There have been as many tears as laughter in preparation for Danielle Catanzariti’s role as a 14-year-old girl dying from cancer in the State Theatre Company’s Babyteeth.
The play, directed by Chris Drummond of When the Rain Stops Falling, follows the last months of a 14-year-old girl, Milla, dying from cancer and the love and grief of her family.
“It’s very quirky and funny and it’s very heart warming and sad; it makes you think about your own life differently,” Catanzariti says.
Catanzariti is best known for her work in Hey, Hey it’s Esther Blueburger, for which she won an AFI award, and has also starred in recent local works such as Brink Theatre’s Land and Sea which was also directed by Drummond.
For Babyteeth, she has had to draw from her past to play a younger role. Despite being 14, Milla has one baby tooth left, embodying a childhood the character is trying to leave, and the adulthood she will never attain.
“Fourteen is quite a significant age for a female as it’s about finding your identity and discovering boys, so it was going back into that mind frame, and on top of that is the idea you are going to die in a couple of months,” Catanzariti says.
“Rehearsals have been quite full on – there have been a lot of tears but it’s a great actors piece.”
Catanzariti says that despite the heavy content Babyteeth is not a drama. Instead, play wright Rita Kalnejais has tackled the issues with a light touch focusing on how people get through the mundane, while knowing their world is about to shatter. The play hinges on the opening scene.
“It’s a beautiful scene with the mother talking about their daily breakfast, and it’s ironic and funny, but by the end of the scene it’s the climax and I die and then we go back in time and meet Milla.”
The chance to work again with Drummond was also a draw card.
“You go into rehearsal and have a laugh and he has a great vision for this show; that was one of the main reasons I said yes, even though he came to me and asked if I wanted to shave my head.”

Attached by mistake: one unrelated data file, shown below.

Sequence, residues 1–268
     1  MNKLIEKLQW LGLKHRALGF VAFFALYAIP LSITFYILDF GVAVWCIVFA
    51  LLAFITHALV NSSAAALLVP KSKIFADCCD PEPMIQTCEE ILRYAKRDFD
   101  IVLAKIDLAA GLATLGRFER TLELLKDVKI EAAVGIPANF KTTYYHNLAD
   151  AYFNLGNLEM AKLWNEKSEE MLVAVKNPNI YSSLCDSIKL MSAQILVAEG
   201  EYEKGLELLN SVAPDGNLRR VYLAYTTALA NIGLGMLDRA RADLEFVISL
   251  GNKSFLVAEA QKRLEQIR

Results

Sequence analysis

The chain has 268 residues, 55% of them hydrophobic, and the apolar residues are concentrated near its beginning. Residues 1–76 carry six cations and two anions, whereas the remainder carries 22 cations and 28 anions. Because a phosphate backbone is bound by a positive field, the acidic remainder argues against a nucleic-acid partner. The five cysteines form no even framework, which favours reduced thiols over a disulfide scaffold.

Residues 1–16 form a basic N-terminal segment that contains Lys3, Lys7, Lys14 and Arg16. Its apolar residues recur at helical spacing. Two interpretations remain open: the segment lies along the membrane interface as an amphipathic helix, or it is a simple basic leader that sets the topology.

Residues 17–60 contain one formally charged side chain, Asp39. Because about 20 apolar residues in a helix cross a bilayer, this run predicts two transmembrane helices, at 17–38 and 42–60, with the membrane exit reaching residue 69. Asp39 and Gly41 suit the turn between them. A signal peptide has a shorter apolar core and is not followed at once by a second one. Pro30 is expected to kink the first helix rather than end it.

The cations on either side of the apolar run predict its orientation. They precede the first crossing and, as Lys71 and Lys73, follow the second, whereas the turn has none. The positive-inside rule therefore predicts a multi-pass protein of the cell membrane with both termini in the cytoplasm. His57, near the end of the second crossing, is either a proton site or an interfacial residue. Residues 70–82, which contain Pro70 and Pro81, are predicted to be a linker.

Catanzariti, who is now 21, found out a year ago that she would need to shave her head for the role of the Milla.
Shaving the long curls from her head looks almost joyful, embodying the contrast between quirk and sorrow in the role.
“I’ve known about it for a year, that I’d have to lose my hair, but as soon as they turned the clippers on, I almost freaked out and wanted to leave.
“So I lost all my curls which was very confronting, but it is very liberating I think very female should do it; it’s an amazing feeling to not have hair.”
Also staged in Sydney, the play’s cinematic way of hopping from location to location will be tested in Adelaide.
“It’s the same designer as Land and Sea, Wendy Todd, who has a very artistic mind so it’s a huge set in the Space, and it’s a very interesting play to stage because it’s quite cinematic so there’s a lot of different locations, a train station, bedroom, another apartment.
“Wendy’s design is simple, but very clever and very beautiful so I think it will work very well to progress the story so there are not too many gaps.”
Presented by the State Theatre Company, Babyteeth is on at the Space Theatre from August 16 – September 7. Tickets here.
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